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How to Use journalctl : A Complete Guide.

Systemd, is a tool to manage processes and systems in linux. It offers a very powerful logging solution to log service related information through its journal system. The journalctl service provides a way to access and manipulate the data stored in the systemd journal.

The main goal of this systemd’s journal is to have a centralized log management, merge logs from multiple sources to a single and easy to access source. The Journald daemon is responsible for collecting and managing log messages from a variety of components such as the kernel, initrd and other services.

The main advantage of using systemd journal includes dynamic log displays, arbitrary output formats and the ability to replace or complement existing syslog implementation. This centralized approach gives an efficient log analysis, which enables the users to have log data presented according to one’s needs.

Setting the System Time

Before getting into journalctl, it is important to make sure the system time settings are correct. Systemd provides the timedatectl tool for managing time-related configs. Use it to list all available time zones and set the appropriate time zone for your servers.

timedatectl list-timezones
sudo timedatectl set-timezone <zone>
timedatectl status

Basic Log Viewing

To view logs stored by the journald daemon, utilize the journalctl command. When executed without options, it displays all journal entries in a pager. You can navigate through the logs, which include information from the early boot process, kernel, initrd, and application standard error and output.


To display timestamps in UTC instead of local time, use the –utc flag:

journalctl --utc

Journal Filtering by Time

Displaying Logs from the Current Boot

A common scenario is viewing logs from the current boot. The -b flag achieves this:

journalctl -b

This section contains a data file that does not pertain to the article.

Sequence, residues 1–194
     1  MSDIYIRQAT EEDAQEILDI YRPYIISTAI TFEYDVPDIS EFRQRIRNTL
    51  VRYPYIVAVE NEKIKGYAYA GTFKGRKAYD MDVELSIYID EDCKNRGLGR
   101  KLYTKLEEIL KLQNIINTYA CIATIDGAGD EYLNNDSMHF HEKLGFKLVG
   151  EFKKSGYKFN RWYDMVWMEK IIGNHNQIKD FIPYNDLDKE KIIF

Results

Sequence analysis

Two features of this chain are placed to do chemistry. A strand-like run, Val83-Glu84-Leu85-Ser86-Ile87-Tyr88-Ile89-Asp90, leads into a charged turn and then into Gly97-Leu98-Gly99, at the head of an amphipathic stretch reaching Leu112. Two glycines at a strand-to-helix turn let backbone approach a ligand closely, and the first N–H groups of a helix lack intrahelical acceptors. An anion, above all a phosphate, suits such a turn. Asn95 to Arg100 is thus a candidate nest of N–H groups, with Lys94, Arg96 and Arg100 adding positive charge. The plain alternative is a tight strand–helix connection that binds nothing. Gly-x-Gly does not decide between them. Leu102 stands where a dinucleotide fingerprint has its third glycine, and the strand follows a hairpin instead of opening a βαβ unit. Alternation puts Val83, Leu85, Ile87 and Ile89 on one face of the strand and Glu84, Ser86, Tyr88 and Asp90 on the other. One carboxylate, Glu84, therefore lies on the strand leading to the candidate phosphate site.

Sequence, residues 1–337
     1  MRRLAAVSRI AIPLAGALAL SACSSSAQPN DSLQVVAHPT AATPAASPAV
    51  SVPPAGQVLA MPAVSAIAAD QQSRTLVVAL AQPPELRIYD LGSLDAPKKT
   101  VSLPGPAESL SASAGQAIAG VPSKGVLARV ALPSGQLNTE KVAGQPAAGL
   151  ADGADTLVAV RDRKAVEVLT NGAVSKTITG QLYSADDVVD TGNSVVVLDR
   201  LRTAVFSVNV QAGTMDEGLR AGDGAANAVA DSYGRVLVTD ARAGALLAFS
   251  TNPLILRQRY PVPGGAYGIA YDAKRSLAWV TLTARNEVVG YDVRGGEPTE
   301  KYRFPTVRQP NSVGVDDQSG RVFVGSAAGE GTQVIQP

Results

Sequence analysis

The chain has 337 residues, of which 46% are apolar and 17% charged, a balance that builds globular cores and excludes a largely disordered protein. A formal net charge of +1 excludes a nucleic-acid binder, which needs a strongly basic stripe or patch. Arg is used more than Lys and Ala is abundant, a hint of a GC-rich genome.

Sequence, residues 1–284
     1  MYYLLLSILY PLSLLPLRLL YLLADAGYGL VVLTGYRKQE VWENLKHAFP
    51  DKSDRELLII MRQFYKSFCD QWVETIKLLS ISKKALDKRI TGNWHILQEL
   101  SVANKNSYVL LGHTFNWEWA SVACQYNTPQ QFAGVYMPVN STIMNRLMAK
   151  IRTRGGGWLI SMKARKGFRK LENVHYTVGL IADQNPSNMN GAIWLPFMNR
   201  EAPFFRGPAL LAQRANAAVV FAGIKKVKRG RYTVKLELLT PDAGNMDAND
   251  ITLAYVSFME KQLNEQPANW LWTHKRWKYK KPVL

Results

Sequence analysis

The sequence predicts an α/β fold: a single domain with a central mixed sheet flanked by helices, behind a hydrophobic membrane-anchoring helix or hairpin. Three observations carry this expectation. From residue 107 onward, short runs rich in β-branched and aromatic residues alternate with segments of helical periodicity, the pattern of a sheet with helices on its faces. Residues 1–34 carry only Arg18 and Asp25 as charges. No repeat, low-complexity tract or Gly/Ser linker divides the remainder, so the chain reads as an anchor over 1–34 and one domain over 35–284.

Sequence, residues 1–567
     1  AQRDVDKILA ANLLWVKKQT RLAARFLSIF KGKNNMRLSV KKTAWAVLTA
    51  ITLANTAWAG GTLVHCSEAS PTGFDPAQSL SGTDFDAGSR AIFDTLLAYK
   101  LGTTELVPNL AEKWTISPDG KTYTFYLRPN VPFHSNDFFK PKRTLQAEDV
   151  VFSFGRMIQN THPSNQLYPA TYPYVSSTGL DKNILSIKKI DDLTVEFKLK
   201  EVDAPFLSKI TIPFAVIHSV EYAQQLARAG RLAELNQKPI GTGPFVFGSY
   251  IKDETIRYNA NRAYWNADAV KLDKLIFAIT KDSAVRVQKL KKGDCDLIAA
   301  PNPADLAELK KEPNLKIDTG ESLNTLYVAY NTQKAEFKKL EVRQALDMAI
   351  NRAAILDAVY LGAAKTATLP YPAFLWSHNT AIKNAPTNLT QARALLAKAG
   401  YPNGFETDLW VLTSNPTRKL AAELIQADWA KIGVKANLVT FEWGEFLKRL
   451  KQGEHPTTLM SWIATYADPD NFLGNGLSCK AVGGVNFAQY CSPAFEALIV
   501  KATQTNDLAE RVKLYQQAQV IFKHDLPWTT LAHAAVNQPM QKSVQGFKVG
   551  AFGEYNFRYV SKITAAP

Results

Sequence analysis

For previous boots, utilize the –list-boots option to identify available boots and display logs from a specific boot using the -b flag along with the boot ID.

journalctl --list-boots
journalctl -b <boot-ID>

Time Windows

To filter logs within specific time ranges, use the –since and –until options. Time values can be absolute or relative, allowing flexibility in defining time windows.

journalctl --since "YYYY-MM-DD HH:MM:SS"
journalctl --since yesterday
journalctl --since 09:00 --until "1 hour ago"

Filtering by Message Interest

By Unit

Filtering by unit (service) is useful for focusing on specific components. Use the -u option to retrieve logs related to a particular unit.

journalctl -u nginx.service
journalctl -u nginx.service --since today
journalctl -u nginx.service -u php-fpm.service --since today

By Process, User, or Group ID

Filter logs by process ID (_PID), user ID (_UID), or group ID (_GID). This can be valuable for isolating logs associated with specific processes or users.

journalctl _PID=<process-ID>
journalctl _UID=<user-ID> --since today
journalctl -F _GID  # Display available group IDs
journalctl _GID=<group-ID>

By Component Path

Filter logs by providing an executable path. This is helpful when focusing on entries related to a specific executable.

journalctl /usr/bin/bash

Displaying Kernel Messages

Retrieve kernel messages using the -k or –dmesg flags:

journalctl -k
journalctl -k -b -5  # Display messages from five boots ago

By Priority

Filter logs by priority using the -p option, showing entries at or above the specified level.

journalctl -p err -b

Modifying the Journal Display

Truncate or Expand Output

Adjust how journalctl displays data by using the –no-full option to truncate output or the -a flag to display all information.

journalctl --no-full
journalctl -a

Output to Standard Out

By default, journalctl uses a pager. Use the –no-pager option to output directly to standard output, facilitating further processing.

journalctl --no-pager

Output Formats

Change the output format using the -o option with format specifiers such as json, json-pretty, short, etc.

journalctl -b -u nginx -o json
journalctl -b -u nginx -o json-pretty

Active Process Monitoring

Journalctl can serve as a real-time log monitoring tool.

Displaying Recent Logs

Use the -n option to display a specific number of recent log entries.

journalctl -n
journalctl -n 20

Following Logs

Actively follow logs as they are written using the -f flag, similar to tail -f.

journalctl -f

Journal Maintenance

Finding Current Disk Usage

Check the current disk usage of the journal with the –disk-usage flag:

journalctl --disk-usage

Deleting Old Logs

Shrink the journal by specifying a size with –vacuum-size or a cutoff time with –vacuum-time.

sudo journalctl --vacuum-size=1G
sudo journalctl --vacuum-time=1years

Limiting Journal Expansion

Configure journal growth limits in the journald.conf file, using options like SystemMaxUse, SystemKeepFree, etc.


The Journalctl command, coupled with systemd’s journal, offers a more robut solution for log management and analysis. The flexibility it offers, coupled with various filtering and formatting options, empowers the admins to efficiently navigate and extract valuable insights from system and app logs. Understanding this abilities of Journalctl enhances ability to troubleshoot, monitor, and maintain a systemd-based system effectively.

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